A vade mecum for students of recent history, seeking to comprehend the last century’s ongoing struggle for civil rights for all citizens.
There are maps to the homes of the stars, rock-’n’-roll itineraries, compendia of haunted houses, but, until now, few historically minded guidebooks to the principal sites of the Civil Rights movement. Cobb, a veteran of the Student Nonviolent Coordinating Committee (SNCC) and a longtime journalist, provides a compelling atlas. He begins in Washington, D.C., noting that the sculpture of Martin Luther King Jr. is “the only one of a black person in the [Capitol] rotunda,” while a handful of other African-Americans are represented elsewhere in the building. Not far away, he points out, is the headquarters of the National Council of Negro Women (NCNW), purchased in 2002 courtesy of Oprah Winfrey, Don King and other big-ticket donors. The organization’s president, Dorothy I. Height, proudly observed of the building’s Pennsylvania Avenue address, “No American president will be inaugurated without getting past our house!” Outside the capital city, Cobb traces the origins of the 1947 Journey of Reconciliation and the 1961 Freedom Rides. Elsewhere in southern Virginia, in Danville, the “Last Capital of the Confederacy,” he documents a 1963 protest broken by anti-insurrectionist slavery-era laws. He calls on Arthur Ashe’s statue in Richmond, alongside monuments to the chief rebel leaders. Traveling deeper into the South, he pays his respects to the veterans of lunch-counter sit-ins in Greensboro, Raleigh and Durham, N.C.; honors the victims of the Sixteenth Street Baptist Church bombing of 1963, four young women who would now be in their 60s; and wonders why it is that Tennessee, so central in the movement’s history, “hardly comes to mind when the words civil rights struggle are uttered.”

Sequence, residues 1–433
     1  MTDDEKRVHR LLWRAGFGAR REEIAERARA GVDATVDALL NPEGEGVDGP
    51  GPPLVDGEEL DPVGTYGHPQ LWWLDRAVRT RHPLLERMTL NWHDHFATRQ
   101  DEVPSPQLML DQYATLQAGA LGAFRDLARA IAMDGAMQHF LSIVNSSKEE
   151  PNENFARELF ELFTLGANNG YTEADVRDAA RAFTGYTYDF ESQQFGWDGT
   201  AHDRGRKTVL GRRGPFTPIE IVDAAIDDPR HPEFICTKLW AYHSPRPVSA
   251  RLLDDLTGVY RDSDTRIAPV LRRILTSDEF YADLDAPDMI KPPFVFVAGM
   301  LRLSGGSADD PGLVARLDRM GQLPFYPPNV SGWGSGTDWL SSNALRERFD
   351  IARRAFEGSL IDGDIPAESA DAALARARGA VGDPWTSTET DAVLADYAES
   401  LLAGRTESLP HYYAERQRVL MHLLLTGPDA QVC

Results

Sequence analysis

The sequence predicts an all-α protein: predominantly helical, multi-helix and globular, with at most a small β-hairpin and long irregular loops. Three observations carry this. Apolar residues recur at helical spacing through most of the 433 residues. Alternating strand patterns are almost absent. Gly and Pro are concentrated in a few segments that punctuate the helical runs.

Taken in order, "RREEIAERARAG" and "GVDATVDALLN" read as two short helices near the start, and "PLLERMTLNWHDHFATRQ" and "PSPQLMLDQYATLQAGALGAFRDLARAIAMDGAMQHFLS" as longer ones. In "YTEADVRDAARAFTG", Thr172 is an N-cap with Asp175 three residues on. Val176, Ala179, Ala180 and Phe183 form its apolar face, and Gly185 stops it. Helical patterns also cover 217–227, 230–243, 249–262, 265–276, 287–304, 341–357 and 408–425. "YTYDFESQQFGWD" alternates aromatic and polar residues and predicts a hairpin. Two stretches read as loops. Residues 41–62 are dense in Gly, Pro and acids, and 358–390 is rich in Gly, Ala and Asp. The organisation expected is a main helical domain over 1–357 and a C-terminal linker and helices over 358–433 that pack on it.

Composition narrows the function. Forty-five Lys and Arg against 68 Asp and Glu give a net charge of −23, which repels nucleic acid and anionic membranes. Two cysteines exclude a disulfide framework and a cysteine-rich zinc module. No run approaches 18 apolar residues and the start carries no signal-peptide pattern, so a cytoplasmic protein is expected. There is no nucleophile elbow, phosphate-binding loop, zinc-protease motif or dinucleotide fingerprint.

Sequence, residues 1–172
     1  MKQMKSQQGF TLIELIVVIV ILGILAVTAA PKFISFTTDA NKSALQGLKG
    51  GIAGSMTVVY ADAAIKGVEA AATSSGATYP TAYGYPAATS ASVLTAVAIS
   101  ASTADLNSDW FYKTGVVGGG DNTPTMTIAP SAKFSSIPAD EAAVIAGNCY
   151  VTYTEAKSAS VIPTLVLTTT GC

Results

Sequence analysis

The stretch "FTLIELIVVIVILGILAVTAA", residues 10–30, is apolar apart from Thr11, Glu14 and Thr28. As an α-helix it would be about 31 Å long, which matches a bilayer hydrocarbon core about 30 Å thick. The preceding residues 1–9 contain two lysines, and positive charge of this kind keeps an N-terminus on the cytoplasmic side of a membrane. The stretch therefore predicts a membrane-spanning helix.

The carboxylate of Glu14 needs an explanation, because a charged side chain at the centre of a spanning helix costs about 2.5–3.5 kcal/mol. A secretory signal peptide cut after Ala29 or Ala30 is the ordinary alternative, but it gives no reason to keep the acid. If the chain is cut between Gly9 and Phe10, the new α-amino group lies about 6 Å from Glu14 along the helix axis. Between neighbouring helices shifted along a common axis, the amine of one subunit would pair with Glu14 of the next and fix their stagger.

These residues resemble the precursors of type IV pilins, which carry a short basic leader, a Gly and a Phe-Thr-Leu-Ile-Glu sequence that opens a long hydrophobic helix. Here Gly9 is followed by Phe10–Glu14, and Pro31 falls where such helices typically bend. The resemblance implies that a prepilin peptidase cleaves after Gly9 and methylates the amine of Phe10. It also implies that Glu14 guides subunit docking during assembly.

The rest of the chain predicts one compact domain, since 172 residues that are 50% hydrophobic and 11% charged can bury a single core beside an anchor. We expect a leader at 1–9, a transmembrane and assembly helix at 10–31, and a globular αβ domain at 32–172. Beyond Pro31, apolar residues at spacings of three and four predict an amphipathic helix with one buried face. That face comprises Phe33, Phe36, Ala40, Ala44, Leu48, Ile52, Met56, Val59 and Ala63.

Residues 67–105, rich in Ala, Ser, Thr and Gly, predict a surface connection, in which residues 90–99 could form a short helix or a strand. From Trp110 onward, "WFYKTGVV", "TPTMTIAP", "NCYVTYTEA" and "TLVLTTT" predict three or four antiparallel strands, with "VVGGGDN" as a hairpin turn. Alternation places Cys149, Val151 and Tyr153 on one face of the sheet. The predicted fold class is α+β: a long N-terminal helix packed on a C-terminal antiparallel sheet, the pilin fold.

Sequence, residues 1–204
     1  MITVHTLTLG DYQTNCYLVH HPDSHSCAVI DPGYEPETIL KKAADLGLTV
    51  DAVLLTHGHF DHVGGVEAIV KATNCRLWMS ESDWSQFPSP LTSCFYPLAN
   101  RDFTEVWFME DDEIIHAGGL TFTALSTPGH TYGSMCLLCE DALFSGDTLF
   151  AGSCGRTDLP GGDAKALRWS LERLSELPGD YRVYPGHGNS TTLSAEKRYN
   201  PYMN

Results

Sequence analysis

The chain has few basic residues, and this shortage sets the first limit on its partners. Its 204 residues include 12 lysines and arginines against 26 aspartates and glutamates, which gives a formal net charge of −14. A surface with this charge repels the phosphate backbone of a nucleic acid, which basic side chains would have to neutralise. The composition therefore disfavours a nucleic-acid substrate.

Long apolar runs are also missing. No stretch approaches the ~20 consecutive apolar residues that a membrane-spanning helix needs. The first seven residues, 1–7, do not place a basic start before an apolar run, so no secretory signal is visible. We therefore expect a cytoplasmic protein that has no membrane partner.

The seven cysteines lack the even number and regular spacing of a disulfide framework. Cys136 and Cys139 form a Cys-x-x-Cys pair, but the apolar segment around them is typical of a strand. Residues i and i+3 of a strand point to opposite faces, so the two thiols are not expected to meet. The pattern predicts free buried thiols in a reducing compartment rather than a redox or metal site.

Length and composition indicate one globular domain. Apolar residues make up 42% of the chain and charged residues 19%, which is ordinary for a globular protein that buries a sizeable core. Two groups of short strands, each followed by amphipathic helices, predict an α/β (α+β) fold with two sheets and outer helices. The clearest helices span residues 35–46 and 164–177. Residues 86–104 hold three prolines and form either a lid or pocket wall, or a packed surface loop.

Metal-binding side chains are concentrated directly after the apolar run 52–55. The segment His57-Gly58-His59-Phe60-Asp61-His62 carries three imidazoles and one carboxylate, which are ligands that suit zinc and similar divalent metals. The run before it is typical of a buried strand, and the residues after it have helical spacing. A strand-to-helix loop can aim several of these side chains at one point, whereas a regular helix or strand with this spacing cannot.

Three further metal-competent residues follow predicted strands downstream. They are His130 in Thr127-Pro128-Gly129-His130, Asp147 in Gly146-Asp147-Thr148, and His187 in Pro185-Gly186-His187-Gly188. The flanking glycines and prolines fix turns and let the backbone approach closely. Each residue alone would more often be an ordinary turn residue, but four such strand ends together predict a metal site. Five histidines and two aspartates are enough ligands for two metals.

“You cannot understand the United States without grappling with race and the civil rights struggle,” writes Cobb. He’s right, and his book makes a valuable contribution.